11 Signs of an Unhealthy Gut and How to Fix It

6 Minute Read

Did you know your health largely depends on your digestive system? Your body needs to breakdown food and absorb the nutrients from that food. The gut is considerably more complicated than just the breakdown of food - it can actually make messengers that signal to the brain affecting mental health and your overall health including your immune system.

Not only does your gut have an intricate set of its own cells, your gut is also home to millions of microbes that play a role in digestive health. Gut bacteria are part of the gut microbiome, which includes ALL of the organisms that live in your gut. Each organism in your gut will play a role in how the gut functions. The interplay of your own cells and gut bacteria will make a huge impact on how the rest of the body functions! So, how do you know if you are having gut issues?

Signs of Gut Problems

If your gut is struggling, what are some symptoms you can experience?⁠ ⁠

  • Bloating
  • Gas
  • Constipation
  • Diarrhea (and Irritable Bowel Syndrome)
  • Heartburn
  • Weight gain/Weight Loss
  • Sleep Issues
  • Skin Irritation/Acne
  • Autoimmune Diseases
  • Mood Disorders
  • Brain Fog

Unhealthy Gut Symptoms

Gut Health and Digestion

If you are experiencing an upset gut through bloating, gas, constipation, or diarrhea - your gut is out of balance in some way! These can all be an indication that you're are unable to properly breakdown food and/or process wastes. There are numerous reasons for improper digestion, including low stomach acid, hormonal issues, stress, invasion of unhealthy gut bacteria, micronutrient deficiences or toxin exposure. Specificalluy, toxins cause the cells of the lining of the gut to become inflamed damaging digestive function.

Heartburn and acid reflux are other common ailments that people experience that effect the esophagus - but remember - digestion begins in the mouth and moves down the esophagus and into the stomach. So, any issue that you have that affects any part of your digestive system will eventually affect your gut health.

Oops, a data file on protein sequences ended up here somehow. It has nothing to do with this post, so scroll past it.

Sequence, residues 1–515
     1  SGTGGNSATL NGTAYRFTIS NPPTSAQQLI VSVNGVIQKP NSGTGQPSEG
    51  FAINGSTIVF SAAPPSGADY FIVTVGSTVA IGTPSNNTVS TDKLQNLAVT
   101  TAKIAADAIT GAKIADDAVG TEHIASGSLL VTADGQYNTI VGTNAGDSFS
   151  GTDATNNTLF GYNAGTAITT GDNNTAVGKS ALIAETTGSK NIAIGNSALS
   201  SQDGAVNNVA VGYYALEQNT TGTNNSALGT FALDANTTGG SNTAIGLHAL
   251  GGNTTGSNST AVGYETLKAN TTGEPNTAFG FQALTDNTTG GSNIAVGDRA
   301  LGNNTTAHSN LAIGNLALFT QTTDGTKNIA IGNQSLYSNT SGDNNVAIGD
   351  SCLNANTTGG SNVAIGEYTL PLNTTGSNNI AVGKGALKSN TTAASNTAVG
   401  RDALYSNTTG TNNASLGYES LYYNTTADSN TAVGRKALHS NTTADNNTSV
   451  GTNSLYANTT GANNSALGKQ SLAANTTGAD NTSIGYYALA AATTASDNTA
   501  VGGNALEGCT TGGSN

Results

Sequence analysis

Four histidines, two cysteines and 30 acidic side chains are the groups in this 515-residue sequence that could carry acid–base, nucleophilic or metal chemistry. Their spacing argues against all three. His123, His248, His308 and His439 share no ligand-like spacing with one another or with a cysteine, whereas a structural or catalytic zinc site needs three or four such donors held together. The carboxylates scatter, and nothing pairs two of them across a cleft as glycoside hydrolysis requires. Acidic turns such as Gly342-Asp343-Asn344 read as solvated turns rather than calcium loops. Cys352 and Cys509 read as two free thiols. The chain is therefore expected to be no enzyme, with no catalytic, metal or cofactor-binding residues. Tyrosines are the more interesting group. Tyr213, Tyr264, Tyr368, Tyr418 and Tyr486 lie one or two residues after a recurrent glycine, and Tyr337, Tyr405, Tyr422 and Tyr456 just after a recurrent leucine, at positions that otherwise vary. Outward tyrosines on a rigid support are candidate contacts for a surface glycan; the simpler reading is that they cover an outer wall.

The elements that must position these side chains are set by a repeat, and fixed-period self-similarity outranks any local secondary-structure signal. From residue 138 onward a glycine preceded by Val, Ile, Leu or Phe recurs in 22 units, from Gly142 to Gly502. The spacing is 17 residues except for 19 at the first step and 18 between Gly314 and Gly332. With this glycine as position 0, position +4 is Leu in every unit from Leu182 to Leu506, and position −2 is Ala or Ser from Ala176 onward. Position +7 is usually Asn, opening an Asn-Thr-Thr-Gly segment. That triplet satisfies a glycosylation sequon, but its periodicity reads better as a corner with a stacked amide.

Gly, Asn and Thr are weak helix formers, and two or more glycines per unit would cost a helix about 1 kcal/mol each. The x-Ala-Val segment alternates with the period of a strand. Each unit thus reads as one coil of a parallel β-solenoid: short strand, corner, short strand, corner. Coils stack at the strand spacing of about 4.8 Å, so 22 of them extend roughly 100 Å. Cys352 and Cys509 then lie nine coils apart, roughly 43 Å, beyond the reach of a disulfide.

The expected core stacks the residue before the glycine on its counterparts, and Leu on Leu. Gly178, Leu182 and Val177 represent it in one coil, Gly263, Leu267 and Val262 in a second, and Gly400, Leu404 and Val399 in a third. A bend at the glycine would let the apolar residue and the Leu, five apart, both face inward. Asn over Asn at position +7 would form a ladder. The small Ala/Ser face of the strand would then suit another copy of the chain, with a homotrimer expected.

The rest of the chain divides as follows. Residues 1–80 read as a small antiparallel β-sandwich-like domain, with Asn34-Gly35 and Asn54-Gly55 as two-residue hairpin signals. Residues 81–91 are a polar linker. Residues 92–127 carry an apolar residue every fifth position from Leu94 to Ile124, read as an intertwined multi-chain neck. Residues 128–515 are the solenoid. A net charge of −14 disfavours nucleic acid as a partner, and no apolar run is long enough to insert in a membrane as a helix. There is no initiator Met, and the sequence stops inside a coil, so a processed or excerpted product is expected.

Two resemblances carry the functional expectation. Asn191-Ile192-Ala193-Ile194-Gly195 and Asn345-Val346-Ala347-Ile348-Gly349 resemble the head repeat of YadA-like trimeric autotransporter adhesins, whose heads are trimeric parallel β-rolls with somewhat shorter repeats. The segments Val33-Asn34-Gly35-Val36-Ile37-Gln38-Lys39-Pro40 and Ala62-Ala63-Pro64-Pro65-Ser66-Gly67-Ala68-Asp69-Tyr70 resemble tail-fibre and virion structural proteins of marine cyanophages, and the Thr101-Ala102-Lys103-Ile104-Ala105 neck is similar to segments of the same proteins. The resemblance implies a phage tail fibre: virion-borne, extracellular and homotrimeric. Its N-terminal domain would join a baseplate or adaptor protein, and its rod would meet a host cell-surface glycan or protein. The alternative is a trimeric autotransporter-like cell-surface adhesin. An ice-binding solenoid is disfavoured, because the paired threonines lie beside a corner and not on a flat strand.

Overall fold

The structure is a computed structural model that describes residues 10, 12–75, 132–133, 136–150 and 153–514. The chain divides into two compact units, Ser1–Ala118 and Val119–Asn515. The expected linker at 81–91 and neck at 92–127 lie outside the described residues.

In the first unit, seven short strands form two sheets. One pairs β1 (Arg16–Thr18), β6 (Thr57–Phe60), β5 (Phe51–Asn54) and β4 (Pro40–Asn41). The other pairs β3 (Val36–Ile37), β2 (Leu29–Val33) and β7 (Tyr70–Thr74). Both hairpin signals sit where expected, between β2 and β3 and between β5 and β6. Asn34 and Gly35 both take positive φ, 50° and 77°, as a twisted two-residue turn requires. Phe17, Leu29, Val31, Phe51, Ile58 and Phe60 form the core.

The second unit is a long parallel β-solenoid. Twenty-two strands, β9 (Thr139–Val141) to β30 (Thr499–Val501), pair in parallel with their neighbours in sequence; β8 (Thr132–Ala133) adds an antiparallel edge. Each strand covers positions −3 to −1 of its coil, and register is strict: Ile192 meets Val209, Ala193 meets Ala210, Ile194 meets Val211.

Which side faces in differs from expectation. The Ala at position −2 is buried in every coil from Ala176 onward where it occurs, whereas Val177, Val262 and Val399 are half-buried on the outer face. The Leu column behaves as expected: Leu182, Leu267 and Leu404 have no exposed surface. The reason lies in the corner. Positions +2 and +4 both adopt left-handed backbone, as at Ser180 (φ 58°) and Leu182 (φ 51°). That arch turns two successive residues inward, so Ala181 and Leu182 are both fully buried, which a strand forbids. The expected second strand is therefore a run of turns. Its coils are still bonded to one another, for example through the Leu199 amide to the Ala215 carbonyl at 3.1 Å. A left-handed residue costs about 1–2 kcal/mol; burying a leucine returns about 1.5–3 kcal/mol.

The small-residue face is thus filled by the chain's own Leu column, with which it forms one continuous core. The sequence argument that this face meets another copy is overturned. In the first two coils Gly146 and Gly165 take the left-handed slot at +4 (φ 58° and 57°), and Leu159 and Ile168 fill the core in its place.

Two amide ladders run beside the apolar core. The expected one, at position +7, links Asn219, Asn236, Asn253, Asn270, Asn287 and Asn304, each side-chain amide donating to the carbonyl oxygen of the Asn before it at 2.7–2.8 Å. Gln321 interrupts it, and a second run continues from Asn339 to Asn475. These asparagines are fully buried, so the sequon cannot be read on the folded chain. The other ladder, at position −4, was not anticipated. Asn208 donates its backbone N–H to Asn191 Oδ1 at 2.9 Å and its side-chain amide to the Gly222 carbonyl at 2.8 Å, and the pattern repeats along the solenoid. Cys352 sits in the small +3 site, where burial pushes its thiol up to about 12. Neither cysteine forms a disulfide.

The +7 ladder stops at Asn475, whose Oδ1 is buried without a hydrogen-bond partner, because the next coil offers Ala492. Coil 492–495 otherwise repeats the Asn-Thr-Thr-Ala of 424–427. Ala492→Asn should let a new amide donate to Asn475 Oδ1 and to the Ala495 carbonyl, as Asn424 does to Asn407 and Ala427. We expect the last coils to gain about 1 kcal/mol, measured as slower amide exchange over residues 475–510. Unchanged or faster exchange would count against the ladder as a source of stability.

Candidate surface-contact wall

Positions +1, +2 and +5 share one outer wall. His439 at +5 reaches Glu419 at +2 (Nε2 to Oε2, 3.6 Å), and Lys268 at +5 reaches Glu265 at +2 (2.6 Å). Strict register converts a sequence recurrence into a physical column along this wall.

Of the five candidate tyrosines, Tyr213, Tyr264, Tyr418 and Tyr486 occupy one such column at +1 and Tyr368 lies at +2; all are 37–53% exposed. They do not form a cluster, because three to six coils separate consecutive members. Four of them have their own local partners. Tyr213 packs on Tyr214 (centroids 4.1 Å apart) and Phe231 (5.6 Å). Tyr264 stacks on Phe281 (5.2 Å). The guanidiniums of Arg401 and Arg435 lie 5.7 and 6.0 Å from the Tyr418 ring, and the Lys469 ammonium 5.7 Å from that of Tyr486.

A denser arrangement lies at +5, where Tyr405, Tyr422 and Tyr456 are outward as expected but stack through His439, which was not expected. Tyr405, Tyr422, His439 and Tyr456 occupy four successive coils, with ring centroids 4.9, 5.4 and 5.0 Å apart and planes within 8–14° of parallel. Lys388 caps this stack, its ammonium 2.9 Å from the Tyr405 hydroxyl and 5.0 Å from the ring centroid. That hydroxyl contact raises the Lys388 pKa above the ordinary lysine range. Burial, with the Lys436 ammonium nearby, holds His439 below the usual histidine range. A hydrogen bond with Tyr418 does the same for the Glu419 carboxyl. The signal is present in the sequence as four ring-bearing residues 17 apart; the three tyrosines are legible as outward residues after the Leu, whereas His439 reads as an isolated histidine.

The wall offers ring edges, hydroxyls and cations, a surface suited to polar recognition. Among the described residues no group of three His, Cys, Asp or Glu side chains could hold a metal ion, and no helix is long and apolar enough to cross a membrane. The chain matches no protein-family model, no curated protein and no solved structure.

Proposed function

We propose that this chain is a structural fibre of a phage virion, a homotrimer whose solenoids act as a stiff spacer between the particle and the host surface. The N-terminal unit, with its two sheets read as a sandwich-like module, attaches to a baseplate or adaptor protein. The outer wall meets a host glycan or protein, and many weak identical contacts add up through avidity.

Your Gut and Brain

Did you know that your gut is often referred to as your “second brain”? The connection between your gut and brain is called the gut-brain axis. When your gut health is struggling in any way, it will directly affect how your brain functions.

Scientists call the "second brain" in your gut the enteric nervous system (ENS), which is found in your digestive tract. Studies show that the ENS directly affects mood in people with irritable bowel syndrome and other digestive issues like constipation, diarrhea, and bloating. These digestive issues are directly affecting how our brain "feels" and functions.

So, how is this connection made? The gut-brain connection is partially controlled by neurotransmitters that are made in the gut. Neurotransmitters are chemicals that are the messages that pass between your brain cells called neurons. Two examples of neurotransmitters that are made in the gut are dopamine and serotonin, which had previously been though to only be made in the brain. It's estimated that 50% of dopamine and 90% of serotonin are made in the gut!

Dopamine is sometimes called the "feel good" neurotransmitter, but is heavily involved in both physical and neurological function - it helps regulate pleasure, reward, mood, executive function, memory, digestion, and blood flow. Serotonin is also involved in both neurological and physical functions, such as regulating depression, anxiety, wound healing, and bone health. If these two neurotransmitters aren't being made in the gut, they will affect your brain AND body!